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UNDERSTANDING GASTROENTEROLOGY

Additional Information

Overview

Gastroenterology is an area of medicine that focuses on the health of the digestive system, or the gastrointestinal (GI) tract. Gastroenterologists can treat everything from irritable bowel syndrome (IBS) to Fatty Liver Disease. Here’s a look at what these specialists do and when you should consider seeing one.


What is a gastroenterologist?

These specialists primarily diagnose and treat GI diseases in both men and women.

They perform endoscopic procedures, in which they use specialized instruments to view the GI tract and make a diagnosis. They don’t perform surgery. In some cases, they may work closely with a GI surgeon. They primarily work in clinic or hospital settings.


The GI system:

  • digests and moves food
  • absorbs nutrients
  • removes waste from your body

Gastroenterologists can treat any part of this system.


Although the GI system includes the mouth, these specialists generally don’t provide care or services here. Instead, otolaryngologists and dentists focus on the health of the oral cavity.


Other parts of the GI system include the:

  • esophagus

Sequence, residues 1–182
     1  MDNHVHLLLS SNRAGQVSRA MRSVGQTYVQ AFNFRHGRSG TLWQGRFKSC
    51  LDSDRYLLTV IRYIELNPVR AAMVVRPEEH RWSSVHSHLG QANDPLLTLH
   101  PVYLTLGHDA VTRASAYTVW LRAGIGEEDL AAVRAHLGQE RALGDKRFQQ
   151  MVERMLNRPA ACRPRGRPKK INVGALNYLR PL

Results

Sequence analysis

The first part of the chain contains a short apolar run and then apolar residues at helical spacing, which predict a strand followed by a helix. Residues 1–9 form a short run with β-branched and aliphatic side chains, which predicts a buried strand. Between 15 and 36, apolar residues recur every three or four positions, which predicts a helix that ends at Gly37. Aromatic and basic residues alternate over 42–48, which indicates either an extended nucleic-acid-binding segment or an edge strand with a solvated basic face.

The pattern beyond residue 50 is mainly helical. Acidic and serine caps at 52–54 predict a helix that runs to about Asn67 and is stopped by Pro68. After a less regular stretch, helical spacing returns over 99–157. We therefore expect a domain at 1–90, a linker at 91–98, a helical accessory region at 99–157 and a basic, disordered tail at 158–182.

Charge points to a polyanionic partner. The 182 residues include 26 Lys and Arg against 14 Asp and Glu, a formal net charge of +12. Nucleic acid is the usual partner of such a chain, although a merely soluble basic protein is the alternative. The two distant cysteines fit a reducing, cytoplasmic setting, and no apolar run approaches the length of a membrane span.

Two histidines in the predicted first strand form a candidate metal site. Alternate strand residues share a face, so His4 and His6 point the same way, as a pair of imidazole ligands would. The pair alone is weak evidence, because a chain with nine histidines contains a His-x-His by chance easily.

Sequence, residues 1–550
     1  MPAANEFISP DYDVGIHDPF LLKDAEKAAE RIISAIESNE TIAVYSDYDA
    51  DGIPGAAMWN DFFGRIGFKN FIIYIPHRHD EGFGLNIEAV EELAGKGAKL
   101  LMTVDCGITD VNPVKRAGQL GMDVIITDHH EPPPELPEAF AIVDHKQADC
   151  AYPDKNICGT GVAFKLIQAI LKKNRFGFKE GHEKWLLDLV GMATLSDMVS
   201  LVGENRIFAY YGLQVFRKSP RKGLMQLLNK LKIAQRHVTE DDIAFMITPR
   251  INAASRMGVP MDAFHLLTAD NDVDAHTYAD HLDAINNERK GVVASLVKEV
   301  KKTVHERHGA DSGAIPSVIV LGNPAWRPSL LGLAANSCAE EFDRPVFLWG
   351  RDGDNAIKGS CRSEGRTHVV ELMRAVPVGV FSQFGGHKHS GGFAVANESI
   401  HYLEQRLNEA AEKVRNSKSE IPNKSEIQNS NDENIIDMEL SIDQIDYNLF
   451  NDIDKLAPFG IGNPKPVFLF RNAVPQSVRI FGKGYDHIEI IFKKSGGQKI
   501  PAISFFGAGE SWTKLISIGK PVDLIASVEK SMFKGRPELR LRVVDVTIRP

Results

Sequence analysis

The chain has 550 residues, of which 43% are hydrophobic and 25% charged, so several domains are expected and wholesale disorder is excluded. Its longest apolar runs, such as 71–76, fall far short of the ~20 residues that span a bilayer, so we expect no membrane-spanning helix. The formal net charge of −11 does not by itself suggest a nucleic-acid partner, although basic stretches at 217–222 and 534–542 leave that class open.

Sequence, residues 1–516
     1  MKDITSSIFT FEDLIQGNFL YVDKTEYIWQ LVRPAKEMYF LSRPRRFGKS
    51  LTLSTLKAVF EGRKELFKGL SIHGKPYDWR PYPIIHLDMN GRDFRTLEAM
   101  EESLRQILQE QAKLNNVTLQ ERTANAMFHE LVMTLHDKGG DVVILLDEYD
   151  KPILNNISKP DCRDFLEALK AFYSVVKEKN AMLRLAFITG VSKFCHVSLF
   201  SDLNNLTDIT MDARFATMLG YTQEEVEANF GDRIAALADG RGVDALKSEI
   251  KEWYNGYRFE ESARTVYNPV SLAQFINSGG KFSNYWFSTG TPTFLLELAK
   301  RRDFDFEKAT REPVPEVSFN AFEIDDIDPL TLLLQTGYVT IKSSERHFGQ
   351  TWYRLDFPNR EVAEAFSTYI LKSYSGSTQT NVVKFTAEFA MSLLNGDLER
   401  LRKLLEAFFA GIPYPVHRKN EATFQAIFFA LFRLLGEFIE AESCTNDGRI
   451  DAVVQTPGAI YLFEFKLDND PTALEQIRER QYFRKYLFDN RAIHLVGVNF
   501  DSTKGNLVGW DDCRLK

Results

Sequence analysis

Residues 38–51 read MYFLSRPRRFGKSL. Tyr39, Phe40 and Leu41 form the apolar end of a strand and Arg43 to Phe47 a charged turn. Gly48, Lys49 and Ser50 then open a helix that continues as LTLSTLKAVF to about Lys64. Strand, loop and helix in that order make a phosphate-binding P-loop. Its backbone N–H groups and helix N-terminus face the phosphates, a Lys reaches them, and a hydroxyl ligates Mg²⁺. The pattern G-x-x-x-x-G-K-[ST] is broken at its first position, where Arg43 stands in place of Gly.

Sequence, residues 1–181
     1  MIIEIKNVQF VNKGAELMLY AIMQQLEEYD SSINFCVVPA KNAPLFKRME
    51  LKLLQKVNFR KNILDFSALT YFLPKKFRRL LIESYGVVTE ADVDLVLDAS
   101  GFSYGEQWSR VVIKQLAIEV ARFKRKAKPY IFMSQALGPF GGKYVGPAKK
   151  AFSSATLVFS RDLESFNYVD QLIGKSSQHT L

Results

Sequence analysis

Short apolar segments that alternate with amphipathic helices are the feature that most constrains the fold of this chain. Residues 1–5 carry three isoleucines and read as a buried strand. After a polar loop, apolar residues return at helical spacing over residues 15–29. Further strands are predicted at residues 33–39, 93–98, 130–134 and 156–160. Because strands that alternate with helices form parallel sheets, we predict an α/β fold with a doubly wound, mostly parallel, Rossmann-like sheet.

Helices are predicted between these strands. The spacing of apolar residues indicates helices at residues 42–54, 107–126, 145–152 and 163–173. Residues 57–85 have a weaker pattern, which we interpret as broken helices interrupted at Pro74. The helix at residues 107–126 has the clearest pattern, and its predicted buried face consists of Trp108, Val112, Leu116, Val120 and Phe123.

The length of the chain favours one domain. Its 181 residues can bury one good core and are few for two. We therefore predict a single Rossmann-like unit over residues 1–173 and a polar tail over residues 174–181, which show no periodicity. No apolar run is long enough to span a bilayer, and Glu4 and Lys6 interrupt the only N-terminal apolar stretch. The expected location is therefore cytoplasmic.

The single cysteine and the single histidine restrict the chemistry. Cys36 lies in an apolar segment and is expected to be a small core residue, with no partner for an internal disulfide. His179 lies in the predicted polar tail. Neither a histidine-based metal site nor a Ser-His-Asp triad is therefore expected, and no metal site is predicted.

• stomach
  • small intestine
  • large intestine
  • liver
  • gallbladder
  • pancreas
  • rectum
  • anus


What conditions do gastroenterologists treat?

These specialists treat a number of conditions affecting the GI system. This can include:

  • acid reflux
  • ulcers
  • IBS
  • hepatitis 
  • polyps, or growths, which typically occur in the large intestine
  • jaundice, or a yellowing of the skin
  • hemorrhoids
  • bloody stool
  • pancreatitis, or a rare disease causing inflammation of the pancreas
  • colon cancer


What procedures do gastroenterologists perform?

These specialists perform a range of nonsurgical procedures. This can include:

  • Upper endoscopies to detect esophagitis 
  • Colonoscopies to detect colon cancer or colon polyps
  • Sigmoidoscopies to evaluate the last part of the bowel
  • pH Studies and Manometry
  • Capsule endoscopies to examine the small intestine
  • Hemorrhoid banding


When should you see a gastroenterologist?

Your primary care doctor may refer you to this specialist if you:

  • have unexplained blood in your stool
  • have unexplained difficulty swallowing
  • are experiencing abdominal pain


If you’re over the age of 50, you may also want to meet with a gastroenterologist for preventive care. Men and women over the age of 50 have an increased risk for colon cancer.

If you’re in this age group, you should get screened regularly. If you have a relative with colon cancer, you should ask your doctor about when to start getting screenings.


adapted from www.healthline.com


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